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After going on lockdown March 14th THIS happened. At first it was just here and there, at different times, but then it was decided that 8 pm was a good time for everybody. What happened was that at this time everyone in every barrio across the country would step out onto their balconies and applaud all the front line people who were out there every day making our live possible. Of course the very first front line is the hospital staff who put their lives at risk every day to take care of us, without proper personal protection and not nearly enough beds and equipment. But included in our applause are those who we now realise are more essential than we ever realised: rubbish collectors, police, firefighters, supermarket cashiers and stockers, street cleaners, pharmacists, food suppliers, delivery services, taxi drivers and those who are maintaining our water, electricity and internet connections. I’ve probably forgotten some, but we include them in our thanks every evening when we go outside and applaud.

The first couple of times I did this I thought, oh this is so cool! Then you know, you keep doing it. At one point I wondered if people would get tired of having to do this every day, and would they stop. Well okay, nobody HAS to do this. And yeah I missed the other night because I was so exhausted by EVERYTHING at 7.30 pm that I went to bed.

But you know what? I actually love it. And I hope we will always do it. Apparently videos taken of us are uploaded and sent to hospital staff and others to show them how much we appreciate them. The other nice thing is that now I know my neighbours from across the street and down the road. Now when I go out there we all wave to each other while clapping (actually it was ME that started the waving thing in my street, feeling kinda chuffed about that – now everyone is doing it). The other day my across the street neighbours were out on their balcony and we had a chat, they said if I need anything at all, just to let them know.

Last night was the UKs first applause moment and my Twitter feed was full of people going “omg that was amazing, do you think it might become a weekly thing?”. Well I guess that depends. How often do you appreciate these people who are maintaining your lives, not to mention saving them? Is five minutes each day too much to ask? Also… it’s really lovely. Anyhow, I just got back from tonight’s edition, will be there mañana of course.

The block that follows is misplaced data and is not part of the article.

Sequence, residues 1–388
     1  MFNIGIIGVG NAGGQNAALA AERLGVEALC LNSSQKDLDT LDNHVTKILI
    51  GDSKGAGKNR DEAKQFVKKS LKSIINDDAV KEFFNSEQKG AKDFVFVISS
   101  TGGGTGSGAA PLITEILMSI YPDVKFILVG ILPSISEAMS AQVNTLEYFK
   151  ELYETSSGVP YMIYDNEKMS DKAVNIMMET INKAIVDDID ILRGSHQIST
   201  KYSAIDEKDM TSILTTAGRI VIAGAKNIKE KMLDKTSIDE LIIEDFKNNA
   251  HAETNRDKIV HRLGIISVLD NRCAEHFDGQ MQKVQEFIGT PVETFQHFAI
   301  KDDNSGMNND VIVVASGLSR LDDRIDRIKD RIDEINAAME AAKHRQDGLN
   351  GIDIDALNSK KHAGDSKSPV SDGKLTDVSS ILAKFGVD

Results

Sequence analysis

Are they doing something similar where you live?

lockdown day 12: all that cancer training paid off


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So okay, since lockdown on March 14th I’ve been out of the house twice, both times for supermarket runs and to take out the rubbish (with all the cooking I’ve been doing and the CAT SAND, I can’t leave it longer than that). But each time I’ve felt like I was dodging bullets. Even though my closest supermarket has been taking great care with protecting both its staff and customers I feel extra vulnerable due to, well MY AGE, and also as I’ve mentioned before, the autoimmune shit going on due to previous stage 4 cancer & chemo.

Meanwhile, of course I miss my old life. I miss my work, my friends, being able to make a living. And I really miss my 10,000 step walks along the river and through the city. And then I hear people saying they can’t live without getting outside for their daily run or a bit of fresh air. Well, you know what? Of course you fucking CAN. You just don’t want to.

Maybe it’s my previous experience with having had stage 4 cancer and being twice on chemo, and having 4 major abdominal operations that pretty much robbed me of a year and a half of my life… I learned that when someone tells me to stay home, I fucking stay home. I don’t think, “oh but I want my old life back” and defy the orders, not to mention the odds. Because when you have stage 4 cancer there is no guarantee that you will ever get your old life back again, or any life at all.

There was also the fact that I felt like death warmed over most of the time, so going out wasn’t really that appealing anyhow. But I did ALWAYS wish I could go out again. And then one day I could. In fact the one time I defied the rules and went out too soon after my final operation in 2011… blam! hernia! Nobody to blame but myself.

So while, yeah, I’m going a bit stir crazy and of course I’d love to be outside in the spring sunshine, all of that, I also find myself going into self-protective mode, hunkering down, waiting for this to pass. With the feeling of having been here before, I know what it’s like, and I know I can deal with it. Back then, with the whole cancer thing, I didn’t have hope per se, but I perservered. One day at a time, not knowing what the final outcome would be.

Well guess what? There really was no actual final outcome other than somehow I didn’t die, and somehow I am still here long after I was told I wouldn’t be. So about this coronavirus? Same deal. Except instead of it just happening to me it’s happening to all of us.

I guess what I’m trying to say is that I’ve already had the experience of having had my life put on hold, with little or no guarantee that things would get better. This time I’m doing it with all you guys. Stay healthy… and stay home! We can do this. xx